Paris, 24 March 1997 (RFE/RL) - Albanian President Sali Berisha says order is slowly being restored to his country but cautioned that recovery of looted weapons will take time. Berisha told the French newspaper "Le Monde" today that force cannot be used to disarm ordinary citizens and that other solutions will have to be found. Berisha also again said he will resign if the opposition wins elections scheduled by June.
Today, Italy decided to bar Albanian boats carrying refugees from reaching Italian ports. Nearly 12,000 Albanians, fleeing chaos at home, have flooded into Italy in recent weeks.
Meanwhile, Italy flew six tons of emergency aid to Albania today and and flew Albania's interim Prime Minister Bashkim Fino to Rome for talks on how Europe can help pull his country out of chaos.
The medical aid is being sent to the northern part of the country, which is under government control. The medical supplies arrived in Tirana just as the first Western airline landed there since the airport was closed eleven days ago as chaos increased in the country. More than 150 people have been killed since the end of last month when the country plunged into chaos after the collapse of shady investment schemes.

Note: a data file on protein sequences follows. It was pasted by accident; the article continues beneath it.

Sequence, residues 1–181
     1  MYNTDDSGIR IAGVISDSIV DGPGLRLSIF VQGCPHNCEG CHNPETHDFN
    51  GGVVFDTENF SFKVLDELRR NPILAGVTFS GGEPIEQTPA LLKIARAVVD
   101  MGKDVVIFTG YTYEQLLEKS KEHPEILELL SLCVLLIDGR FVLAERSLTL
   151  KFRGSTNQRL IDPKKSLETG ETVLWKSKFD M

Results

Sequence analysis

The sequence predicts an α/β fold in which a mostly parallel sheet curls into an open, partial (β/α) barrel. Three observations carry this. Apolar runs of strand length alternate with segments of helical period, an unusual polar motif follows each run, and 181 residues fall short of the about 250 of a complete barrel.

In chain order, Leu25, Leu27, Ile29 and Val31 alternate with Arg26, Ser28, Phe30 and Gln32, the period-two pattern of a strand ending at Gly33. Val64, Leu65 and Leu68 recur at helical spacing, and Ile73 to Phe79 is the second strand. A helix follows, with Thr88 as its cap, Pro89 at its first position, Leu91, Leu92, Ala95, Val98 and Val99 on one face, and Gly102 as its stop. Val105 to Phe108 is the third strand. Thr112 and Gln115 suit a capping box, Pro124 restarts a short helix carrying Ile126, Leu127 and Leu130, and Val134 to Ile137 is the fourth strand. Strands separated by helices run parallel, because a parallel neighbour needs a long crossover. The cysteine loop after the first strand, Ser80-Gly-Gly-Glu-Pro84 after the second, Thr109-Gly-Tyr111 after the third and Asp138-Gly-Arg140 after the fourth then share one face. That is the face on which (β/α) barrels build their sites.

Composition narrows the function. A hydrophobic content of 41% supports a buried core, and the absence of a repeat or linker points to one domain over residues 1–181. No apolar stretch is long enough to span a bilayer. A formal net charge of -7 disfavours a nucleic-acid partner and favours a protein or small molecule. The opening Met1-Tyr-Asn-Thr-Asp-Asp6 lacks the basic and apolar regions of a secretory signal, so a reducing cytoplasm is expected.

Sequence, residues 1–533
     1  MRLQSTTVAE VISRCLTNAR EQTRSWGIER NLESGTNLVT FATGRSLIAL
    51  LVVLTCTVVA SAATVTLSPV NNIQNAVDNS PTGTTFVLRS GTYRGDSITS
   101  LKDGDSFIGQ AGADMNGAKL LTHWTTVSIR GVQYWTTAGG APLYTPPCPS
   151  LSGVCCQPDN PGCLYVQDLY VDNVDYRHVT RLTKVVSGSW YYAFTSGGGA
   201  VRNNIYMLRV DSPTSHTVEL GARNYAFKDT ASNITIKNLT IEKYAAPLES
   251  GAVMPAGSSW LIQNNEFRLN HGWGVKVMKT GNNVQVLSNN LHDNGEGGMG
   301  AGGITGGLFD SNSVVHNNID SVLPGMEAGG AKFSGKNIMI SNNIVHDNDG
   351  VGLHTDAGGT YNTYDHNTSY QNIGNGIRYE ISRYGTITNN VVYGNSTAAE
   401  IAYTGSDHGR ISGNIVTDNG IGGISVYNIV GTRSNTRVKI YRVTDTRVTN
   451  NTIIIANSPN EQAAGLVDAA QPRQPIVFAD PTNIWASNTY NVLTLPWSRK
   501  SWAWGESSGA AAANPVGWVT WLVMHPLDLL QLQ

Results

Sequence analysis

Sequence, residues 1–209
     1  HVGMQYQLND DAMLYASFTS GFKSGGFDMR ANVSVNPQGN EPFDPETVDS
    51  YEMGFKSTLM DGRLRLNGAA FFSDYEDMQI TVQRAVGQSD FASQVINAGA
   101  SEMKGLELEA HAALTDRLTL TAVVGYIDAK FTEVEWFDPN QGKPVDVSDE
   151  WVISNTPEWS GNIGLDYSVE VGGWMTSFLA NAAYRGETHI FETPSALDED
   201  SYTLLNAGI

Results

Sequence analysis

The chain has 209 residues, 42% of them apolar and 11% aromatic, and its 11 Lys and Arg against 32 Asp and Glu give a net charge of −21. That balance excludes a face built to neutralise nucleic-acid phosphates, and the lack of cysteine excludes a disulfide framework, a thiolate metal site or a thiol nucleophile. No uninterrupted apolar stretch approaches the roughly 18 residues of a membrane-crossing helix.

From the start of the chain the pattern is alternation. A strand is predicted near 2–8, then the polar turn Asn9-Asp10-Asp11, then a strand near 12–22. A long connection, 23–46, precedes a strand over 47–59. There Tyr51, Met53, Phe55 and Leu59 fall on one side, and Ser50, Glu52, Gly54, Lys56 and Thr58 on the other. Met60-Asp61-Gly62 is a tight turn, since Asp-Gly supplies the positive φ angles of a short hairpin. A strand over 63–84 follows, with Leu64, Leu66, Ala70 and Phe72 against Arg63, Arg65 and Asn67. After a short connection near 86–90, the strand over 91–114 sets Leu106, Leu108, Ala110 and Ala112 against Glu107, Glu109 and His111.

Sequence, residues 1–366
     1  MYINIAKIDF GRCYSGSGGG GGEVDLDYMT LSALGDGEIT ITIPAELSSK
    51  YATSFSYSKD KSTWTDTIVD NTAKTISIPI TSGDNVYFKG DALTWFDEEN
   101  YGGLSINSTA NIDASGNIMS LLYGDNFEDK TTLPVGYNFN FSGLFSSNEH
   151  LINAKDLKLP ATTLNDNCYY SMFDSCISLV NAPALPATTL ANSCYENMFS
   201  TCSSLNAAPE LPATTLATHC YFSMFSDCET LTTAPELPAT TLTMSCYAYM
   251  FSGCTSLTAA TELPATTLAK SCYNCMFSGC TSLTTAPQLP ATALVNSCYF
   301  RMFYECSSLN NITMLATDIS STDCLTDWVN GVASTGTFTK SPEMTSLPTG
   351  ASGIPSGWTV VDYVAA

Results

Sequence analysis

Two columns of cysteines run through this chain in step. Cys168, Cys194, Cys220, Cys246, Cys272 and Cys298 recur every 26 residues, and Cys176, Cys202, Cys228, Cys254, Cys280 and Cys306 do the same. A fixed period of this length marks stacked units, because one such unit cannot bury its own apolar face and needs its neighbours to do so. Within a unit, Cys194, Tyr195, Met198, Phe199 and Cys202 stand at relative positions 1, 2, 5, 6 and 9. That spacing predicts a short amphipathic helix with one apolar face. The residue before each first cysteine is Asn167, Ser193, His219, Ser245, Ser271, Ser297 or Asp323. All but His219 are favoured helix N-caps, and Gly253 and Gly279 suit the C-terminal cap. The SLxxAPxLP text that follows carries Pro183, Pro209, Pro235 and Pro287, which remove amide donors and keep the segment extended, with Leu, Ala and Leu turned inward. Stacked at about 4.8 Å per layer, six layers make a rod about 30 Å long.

Albanian Prime Minster Bashkim Fino was holding talks later today with Italian Prime Minister Romano Prodi to discuss international aid and the effect a mass exodus of Albanian refugees has had on Italy.
Meanwhile, European Union foreign ministers met today to try and finalize plans to send emergency humanitarian aid to the Balkan country, possibly backed up by a small force of military police to ensure the security of aid convoys.
Over the weekend, Fino said his coalition government must give priority to stabilizing the country and resolving serious economic problems. Fino told our correspondent in Tirana political issues will have to wait since as he notes it was the Democratic Party-controlled parliament that gave a vote of confidence in the government of national reconciliation.
The Albanian Prime Minister told our correspondent in Tirana "all Albanians are armed and we have to disarm them."
Fino declined to explain how the authorities intend to go about recalling virtually the entire weapons stock of Albania's security forces looted earlier this month as the country collapsed into anarchy.
Last week President Berisha appointed Fino, a Socialist, to lead an interim national unity government ahead of elections in June.
Acknowleding the possibility that June may be too soon for early parliamentary elections, Fino says Albanians leaders must reach agreement prior to the elections which he insists must be democratic and peaceful.
Our correspondent asked Fino about the role in Albania's current foreign policy of the largely Albanian-populated province of Kosovo in neighboring Serbia. Fino responded that his government has already received greetings and "support" from the self-styled Albanian government of Kosovo and in turn supports the Kosovo government.
But the Albanian prime minister told RFE/RL that at the present time his government is above all interested in calming down the situation in Albania and, with EU and U.S. assistance, returning life to normal.
Meanwhile, in an interview with Reuters, Fino dismissed calls for President Berisha to quit, saying his resignation would cause a power vacuum in a country.